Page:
Deputy Lyndon Trott, who leads on the economy for the top Policy & Resources Committee (P&R), says that internally “things are nearly back to normal, but the hit to the economy is far from normal”. Pointing to a report by Standard & Poor’s – made in light of the £225m revolving credit facility we have taken on – he cites the agency’s view that “we will be back where we were in three years.”
It is no coincidence that this assertion tallies with the official line in P&R’s “Revive and Thrive” document. What it is really saying, however, is that with a fair wind and the right policy measures, the economy might grow at a fast enough pace to regain the trend line it appeared to be tracking before the pandemic occurred. In short, a few “ifs” to overcome.
Regarding S&P’s estimate that the economy would shrink by 9% in 2020, Deputy Trott believes (without further clarification) that it will be more like 8% and perhaps as low as 6%. That seems to suggest he recognises the apparent buoyancy and foresees an ongoing bounce back in the coming six months.
Unavoidably, however, such projections depend on the course of the pandemic elsewhere (currently worrying), the absence of a “second wave” on the island (pre-supposing more extended testing than currently), an end to border restrictions (no decision due before 1 September), no likely end to States support measures (currently set for October) and few mass redundancies thereafter.
Head of P&R Deputy Gavin St Pier, a man careful to balance his words, says he is in the “feel good factor” camp but, in a riff about the dark side of things, acknowledges that “we can expect further more permanent job losses later in the year and into next.” He says the public finances “have been shredded, putting a £150m hole in this year’s budget,” adding that this means “the island’s sovereign wealth fund, our core investment reserve, built over 30 years, was blown in a matter of weeks – and the spectre of millions of pounds of public debt looms large.”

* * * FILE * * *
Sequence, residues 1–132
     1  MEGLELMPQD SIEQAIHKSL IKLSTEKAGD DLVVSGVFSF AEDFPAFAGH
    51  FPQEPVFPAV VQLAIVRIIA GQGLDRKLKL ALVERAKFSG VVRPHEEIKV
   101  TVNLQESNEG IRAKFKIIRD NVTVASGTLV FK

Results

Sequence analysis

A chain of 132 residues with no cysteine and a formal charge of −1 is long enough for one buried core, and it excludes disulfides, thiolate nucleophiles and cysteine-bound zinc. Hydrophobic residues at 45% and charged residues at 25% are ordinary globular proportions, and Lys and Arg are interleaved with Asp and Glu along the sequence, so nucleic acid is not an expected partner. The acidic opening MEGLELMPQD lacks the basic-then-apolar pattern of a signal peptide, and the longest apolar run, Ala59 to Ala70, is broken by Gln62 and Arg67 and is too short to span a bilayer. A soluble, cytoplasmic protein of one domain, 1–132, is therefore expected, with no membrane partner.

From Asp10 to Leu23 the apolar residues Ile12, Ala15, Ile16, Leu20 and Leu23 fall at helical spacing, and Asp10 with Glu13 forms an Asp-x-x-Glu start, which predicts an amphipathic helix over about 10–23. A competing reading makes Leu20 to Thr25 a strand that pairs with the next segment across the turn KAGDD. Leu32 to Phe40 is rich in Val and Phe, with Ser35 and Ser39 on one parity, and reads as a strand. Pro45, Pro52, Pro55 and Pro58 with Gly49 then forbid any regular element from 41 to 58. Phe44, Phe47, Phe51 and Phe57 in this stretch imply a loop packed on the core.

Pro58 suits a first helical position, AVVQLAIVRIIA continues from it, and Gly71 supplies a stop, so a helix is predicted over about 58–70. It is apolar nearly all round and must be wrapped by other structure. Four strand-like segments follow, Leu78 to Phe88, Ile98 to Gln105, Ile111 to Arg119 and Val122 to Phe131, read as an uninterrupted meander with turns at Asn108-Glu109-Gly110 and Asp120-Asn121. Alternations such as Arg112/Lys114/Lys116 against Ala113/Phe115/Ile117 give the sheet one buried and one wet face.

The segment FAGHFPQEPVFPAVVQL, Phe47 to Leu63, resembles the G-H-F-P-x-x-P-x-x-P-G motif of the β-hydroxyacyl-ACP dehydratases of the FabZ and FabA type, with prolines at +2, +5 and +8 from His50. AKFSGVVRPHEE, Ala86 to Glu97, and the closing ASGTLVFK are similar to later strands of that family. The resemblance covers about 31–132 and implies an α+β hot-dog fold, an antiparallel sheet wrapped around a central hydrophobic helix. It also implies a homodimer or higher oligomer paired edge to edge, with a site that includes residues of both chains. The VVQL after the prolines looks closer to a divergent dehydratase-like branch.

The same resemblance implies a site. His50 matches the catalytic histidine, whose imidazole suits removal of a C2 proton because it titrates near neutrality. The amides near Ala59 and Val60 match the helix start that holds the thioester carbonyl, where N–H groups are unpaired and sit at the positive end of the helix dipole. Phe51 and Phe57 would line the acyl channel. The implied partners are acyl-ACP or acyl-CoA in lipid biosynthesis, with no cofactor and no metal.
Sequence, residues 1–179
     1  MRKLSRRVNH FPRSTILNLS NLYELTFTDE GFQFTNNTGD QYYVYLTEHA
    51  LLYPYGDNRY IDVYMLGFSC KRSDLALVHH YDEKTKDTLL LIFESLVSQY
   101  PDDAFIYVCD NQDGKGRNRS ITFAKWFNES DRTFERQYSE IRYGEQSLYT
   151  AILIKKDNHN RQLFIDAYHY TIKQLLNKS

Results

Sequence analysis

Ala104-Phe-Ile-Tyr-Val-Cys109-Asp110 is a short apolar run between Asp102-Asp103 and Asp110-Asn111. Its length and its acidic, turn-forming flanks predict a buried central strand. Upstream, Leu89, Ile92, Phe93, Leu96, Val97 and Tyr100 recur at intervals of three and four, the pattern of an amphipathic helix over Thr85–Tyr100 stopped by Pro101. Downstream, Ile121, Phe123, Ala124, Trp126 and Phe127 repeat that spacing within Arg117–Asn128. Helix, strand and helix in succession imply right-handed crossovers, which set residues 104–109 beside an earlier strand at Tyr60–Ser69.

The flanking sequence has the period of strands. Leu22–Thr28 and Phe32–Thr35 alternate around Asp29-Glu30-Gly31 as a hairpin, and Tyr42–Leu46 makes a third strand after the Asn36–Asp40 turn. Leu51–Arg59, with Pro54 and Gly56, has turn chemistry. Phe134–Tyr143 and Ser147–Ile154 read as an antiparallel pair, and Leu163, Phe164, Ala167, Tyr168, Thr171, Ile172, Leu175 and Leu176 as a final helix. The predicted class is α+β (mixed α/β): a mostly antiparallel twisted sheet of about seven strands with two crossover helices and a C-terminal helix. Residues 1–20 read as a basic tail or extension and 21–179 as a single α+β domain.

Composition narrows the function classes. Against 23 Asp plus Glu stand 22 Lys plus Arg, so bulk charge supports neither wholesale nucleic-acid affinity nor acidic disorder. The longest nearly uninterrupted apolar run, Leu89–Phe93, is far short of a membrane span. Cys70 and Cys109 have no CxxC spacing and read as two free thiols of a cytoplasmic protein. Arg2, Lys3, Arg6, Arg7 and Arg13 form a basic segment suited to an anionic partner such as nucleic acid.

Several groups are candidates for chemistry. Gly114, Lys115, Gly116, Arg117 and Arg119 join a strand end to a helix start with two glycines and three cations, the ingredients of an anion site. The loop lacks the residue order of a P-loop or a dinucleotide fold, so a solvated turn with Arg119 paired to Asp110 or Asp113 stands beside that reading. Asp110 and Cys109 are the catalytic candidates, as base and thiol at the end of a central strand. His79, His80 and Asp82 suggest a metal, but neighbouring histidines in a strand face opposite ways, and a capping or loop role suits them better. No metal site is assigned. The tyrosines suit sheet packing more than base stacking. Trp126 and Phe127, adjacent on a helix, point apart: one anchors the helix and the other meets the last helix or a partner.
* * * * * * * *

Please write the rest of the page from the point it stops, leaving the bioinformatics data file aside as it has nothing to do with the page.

In a similar vein, the increasingly influential Scrutiny Committee of the States has reported critically on the way the assembly has managed its capital spending programme over the past eight years. It says the bureaucratic process is long-winded and risk-averse, and lacks the internal expertise to manage projects successfully. As a result the government has fallen well short of a notional spending target of 3% of GDP, putting the funds into an unspent capital reserve instead and thereby hurting growth. This can’t continue, the committee says, and it threatens the “Revive and Thrive” strategy.
Add it up if you can
The upshot seems to be that, if it is too early for solid conclusions about the economic damage, it is not too late to recognise that the island is in a bind over the way forward and must as a matter of priority plan for its future.
On this, Deputy St Pier is clear that the most important decisions are those needed to ensure Guernsey’s future economic competitiveness. They include air and sea links, data connectivity, investment in the built environment and an improved skills base. But he is plainly reluctant to say what those decisions should actually be, let alone press ahead with plans to implement them.
Instead it is convenient to point to the need for consultation with business and the third sector and, with an election looming in October, to galvanise the population behind an ambitious recovery notion. In his most expansive moments, Deputy St Pier says we will need political representatives who “implement change when they are in a minority.” All of the changes “need to happen quickly – at Covid speed…That is the revolution that needs to happen right now”.
Perhaps we shall see this ambition turn into some hard-nosed recommendations over the coming weeks. Perhaps we shall also hear more warnings about the need for urgency, and (rather less likely) about the tax hikes which may become necessary. Either way, we’ll start savouring candidates’ promises in early September, and we’ll perhaps witness the novel emergence of coalitions and parties.
Before we go to the polls we will no doubt be offered plenty of three-word maxims – “Revive and Thrive” being one, “Build Back Better” being another – and we’ll hear appeals to such universal values as equality, neighbourliness and, nowadays, well-being. But what voters will have to do is separate the wheat from the chaff and, in a throwback to a past US election, locate the beef.